What IS raglan?

i hear it a lot - particularly in reference to sweaters but what does raglan actually meen?

tarri

Raglan indicates that the seam of the sleeve goes from the underarm up to the neck as opposed to a drop sleeve or set-in sleeve, for example.

It’s where the seam is slanted from the underarm to the neck.

sue

Along with the other replies… it usually means the pattern is seamless so no setting in of sleeves and seaming! :wink:

its named for a commander (general?) in the English forces -in the Crimean war!

you can google Lord Raglan (and read about him) and about Lord Cardigan --who gave us the sweater style with that name, and about Lord Kitchener–he was a lieutent then (or some other lower rank-adn saw active duty in the crimean war) but by WWI (or was it WWII?) was ‘semi retired’ and went about the UK teaching knitters how to graft the stitches in the toes of the socks they were knitting, rather than finish them by seaming…(the socks being knit for the war effort) and gave us the the term “kitchenering” which is was until then commonly known as grafting!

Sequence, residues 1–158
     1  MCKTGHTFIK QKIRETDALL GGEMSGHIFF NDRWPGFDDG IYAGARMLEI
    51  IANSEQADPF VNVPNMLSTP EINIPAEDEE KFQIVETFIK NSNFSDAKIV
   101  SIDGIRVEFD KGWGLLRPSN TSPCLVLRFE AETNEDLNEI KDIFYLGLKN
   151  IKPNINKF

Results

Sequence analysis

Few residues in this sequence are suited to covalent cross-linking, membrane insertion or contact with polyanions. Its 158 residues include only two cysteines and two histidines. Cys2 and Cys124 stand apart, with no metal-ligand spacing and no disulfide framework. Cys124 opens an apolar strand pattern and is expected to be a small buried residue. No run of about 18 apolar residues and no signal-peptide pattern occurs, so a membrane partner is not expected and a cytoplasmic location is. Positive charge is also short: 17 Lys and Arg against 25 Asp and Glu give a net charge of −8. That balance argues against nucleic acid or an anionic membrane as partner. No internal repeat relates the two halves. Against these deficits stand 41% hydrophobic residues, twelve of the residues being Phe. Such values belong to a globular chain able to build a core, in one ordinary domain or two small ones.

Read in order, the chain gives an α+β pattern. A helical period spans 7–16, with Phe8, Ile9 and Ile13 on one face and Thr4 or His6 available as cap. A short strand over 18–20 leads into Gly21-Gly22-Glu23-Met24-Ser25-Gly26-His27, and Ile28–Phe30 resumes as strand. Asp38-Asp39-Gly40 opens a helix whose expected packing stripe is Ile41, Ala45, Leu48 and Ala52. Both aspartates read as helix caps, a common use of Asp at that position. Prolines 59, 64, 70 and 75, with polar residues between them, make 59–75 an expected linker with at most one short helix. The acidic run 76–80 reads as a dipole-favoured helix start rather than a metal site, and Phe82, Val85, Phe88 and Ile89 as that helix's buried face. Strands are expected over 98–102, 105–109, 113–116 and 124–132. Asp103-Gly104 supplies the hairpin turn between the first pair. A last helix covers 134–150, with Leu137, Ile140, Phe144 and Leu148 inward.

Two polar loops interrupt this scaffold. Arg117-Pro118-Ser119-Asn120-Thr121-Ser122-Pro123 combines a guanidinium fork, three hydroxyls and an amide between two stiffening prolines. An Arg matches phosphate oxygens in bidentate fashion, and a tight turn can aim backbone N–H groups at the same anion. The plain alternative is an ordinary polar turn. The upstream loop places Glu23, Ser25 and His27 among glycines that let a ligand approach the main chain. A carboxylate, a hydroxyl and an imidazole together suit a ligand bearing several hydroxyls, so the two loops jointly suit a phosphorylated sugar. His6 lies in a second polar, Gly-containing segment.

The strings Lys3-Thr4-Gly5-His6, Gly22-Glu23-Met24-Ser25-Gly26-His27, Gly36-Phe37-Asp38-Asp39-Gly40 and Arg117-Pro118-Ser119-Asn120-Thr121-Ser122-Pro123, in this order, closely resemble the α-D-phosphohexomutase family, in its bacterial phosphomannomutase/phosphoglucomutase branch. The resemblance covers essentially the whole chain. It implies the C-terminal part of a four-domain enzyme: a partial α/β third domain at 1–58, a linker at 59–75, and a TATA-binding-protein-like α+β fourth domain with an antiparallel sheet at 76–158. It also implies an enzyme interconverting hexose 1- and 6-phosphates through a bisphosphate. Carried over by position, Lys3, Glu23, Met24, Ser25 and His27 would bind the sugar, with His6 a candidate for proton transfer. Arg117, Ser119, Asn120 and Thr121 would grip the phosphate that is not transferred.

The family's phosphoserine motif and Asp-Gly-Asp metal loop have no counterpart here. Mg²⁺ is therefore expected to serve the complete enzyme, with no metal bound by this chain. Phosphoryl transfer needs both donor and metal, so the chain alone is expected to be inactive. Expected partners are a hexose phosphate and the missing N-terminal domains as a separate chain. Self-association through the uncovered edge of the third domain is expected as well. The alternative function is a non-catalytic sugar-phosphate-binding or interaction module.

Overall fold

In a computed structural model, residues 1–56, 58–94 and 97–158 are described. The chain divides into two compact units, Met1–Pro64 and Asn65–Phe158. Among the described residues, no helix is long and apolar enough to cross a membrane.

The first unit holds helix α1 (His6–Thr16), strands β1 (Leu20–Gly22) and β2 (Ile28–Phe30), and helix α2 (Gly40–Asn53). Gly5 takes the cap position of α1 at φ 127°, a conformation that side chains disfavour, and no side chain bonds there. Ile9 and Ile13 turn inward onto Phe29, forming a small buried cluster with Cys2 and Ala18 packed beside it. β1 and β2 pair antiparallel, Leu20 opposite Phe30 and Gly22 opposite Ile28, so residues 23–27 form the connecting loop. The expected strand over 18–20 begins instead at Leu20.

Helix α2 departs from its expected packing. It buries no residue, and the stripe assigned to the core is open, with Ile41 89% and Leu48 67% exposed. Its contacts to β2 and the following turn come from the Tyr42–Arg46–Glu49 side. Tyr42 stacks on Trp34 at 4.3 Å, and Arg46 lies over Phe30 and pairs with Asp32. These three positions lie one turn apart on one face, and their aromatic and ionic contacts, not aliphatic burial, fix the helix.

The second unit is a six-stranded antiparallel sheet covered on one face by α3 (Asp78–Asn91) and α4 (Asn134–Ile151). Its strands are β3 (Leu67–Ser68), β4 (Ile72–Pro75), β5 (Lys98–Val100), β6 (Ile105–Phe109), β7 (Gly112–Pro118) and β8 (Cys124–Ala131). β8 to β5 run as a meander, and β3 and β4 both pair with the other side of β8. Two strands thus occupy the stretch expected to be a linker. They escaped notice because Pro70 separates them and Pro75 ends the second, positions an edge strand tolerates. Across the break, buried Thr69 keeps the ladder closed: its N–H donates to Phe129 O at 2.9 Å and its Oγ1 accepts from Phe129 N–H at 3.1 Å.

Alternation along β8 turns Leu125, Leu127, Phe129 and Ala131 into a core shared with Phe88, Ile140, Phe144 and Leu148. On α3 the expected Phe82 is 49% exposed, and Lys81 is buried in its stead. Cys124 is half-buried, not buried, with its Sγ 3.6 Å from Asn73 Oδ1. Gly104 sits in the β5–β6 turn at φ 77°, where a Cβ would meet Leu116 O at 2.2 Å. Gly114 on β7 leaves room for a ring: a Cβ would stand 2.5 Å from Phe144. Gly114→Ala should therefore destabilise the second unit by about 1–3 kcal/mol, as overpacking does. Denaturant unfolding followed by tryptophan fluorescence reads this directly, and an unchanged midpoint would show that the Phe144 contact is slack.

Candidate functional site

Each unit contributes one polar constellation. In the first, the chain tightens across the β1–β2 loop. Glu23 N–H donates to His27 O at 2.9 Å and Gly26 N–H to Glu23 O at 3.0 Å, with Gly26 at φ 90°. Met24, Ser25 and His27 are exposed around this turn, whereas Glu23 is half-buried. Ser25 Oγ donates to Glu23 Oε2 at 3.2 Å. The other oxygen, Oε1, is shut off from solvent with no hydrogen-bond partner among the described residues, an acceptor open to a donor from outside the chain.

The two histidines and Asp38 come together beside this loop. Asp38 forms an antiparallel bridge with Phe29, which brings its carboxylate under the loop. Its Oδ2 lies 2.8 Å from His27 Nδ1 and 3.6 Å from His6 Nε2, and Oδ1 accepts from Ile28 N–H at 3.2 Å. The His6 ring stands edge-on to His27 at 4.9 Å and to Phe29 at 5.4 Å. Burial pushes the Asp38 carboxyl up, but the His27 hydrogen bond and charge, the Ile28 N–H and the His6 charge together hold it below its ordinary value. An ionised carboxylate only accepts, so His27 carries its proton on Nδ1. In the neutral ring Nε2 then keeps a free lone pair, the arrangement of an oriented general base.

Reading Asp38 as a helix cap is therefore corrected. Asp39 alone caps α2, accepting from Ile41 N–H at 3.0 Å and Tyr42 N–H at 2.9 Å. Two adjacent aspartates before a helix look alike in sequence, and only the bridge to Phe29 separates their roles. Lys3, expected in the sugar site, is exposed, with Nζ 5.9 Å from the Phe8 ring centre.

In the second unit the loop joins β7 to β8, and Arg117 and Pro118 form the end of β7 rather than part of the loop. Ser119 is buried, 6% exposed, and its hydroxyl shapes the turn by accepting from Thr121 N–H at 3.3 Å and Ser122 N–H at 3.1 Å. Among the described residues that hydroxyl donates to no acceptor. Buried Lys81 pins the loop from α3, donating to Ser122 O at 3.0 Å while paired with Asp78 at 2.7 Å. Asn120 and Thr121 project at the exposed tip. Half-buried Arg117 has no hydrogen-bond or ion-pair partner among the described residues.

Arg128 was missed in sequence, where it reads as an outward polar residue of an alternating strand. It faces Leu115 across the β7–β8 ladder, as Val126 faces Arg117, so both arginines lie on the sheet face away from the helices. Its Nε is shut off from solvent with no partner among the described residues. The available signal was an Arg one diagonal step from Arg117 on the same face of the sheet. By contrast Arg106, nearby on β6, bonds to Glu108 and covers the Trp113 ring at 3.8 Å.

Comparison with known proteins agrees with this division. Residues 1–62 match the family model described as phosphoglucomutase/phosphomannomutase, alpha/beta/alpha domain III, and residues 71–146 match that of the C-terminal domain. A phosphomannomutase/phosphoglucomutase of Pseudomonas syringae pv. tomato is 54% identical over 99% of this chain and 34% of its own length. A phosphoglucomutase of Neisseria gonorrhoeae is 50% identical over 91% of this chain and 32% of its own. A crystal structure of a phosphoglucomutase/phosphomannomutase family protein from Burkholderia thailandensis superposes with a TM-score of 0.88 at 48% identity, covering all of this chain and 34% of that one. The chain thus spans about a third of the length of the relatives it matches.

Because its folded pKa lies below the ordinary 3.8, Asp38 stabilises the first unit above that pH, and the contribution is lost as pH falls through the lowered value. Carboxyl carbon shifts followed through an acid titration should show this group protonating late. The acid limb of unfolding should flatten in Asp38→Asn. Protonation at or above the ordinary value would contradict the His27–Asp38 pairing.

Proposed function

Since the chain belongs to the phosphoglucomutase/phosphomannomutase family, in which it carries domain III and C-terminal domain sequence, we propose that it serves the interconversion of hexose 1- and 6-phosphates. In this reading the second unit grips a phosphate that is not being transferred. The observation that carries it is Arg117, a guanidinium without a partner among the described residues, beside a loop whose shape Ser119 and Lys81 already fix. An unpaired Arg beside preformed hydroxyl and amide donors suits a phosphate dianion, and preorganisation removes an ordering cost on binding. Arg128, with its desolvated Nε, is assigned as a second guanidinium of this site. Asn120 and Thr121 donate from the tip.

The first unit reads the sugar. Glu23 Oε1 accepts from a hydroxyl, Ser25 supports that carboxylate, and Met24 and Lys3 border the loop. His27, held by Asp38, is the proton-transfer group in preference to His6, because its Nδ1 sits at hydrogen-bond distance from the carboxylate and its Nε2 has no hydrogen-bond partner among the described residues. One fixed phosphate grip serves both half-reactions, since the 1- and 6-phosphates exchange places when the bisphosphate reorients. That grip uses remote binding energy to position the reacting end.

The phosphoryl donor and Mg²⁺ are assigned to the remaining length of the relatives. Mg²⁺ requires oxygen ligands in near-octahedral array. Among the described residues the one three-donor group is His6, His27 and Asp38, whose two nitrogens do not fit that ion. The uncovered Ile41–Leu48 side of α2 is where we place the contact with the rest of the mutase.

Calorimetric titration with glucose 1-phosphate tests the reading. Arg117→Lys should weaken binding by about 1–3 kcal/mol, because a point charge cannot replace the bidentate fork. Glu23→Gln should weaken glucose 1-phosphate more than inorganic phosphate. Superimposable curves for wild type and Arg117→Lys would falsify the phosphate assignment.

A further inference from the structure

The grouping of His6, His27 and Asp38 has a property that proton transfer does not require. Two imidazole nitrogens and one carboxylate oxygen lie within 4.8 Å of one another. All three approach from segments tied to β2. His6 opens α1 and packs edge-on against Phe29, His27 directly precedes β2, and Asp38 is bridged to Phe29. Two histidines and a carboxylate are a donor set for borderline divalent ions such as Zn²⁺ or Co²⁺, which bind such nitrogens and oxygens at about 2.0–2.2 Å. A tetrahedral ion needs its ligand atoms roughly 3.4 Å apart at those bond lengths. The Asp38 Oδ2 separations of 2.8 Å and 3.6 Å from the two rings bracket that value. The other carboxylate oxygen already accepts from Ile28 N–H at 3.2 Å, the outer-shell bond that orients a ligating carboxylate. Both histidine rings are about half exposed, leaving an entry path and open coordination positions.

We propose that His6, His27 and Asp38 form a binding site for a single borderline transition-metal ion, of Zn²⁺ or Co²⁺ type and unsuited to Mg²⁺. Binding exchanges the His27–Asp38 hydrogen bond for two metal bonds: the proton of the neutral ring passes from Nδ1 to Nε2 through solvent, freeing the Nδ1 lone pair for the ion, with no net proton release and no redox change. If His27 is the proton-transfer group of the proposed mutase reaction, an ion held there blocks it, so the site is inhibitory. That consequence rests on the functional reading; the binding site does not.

i sort of remember who they were/what they did… but not quite…

(anyone from UK or canada (where there is a city named for Kitchener) will correct me…)

other famous person from the same war --which you may or may not remember from history– but most likely remember the poem, “The Charge of Light Brigage” (Into the Valley of death, rode the 600!)-which is about a famous battle from the war– is Florence Nightengale. (and at that time, it was not uncommon to knit bandages. (long strips not unlike ‘ace bandages’) for wounds.)

Funny how history is recording in knitting, isn’t it? for many–especially to those in US, the Crimean war is a vague footnote. but Lords Raglan and Cardigan live on as sweater types!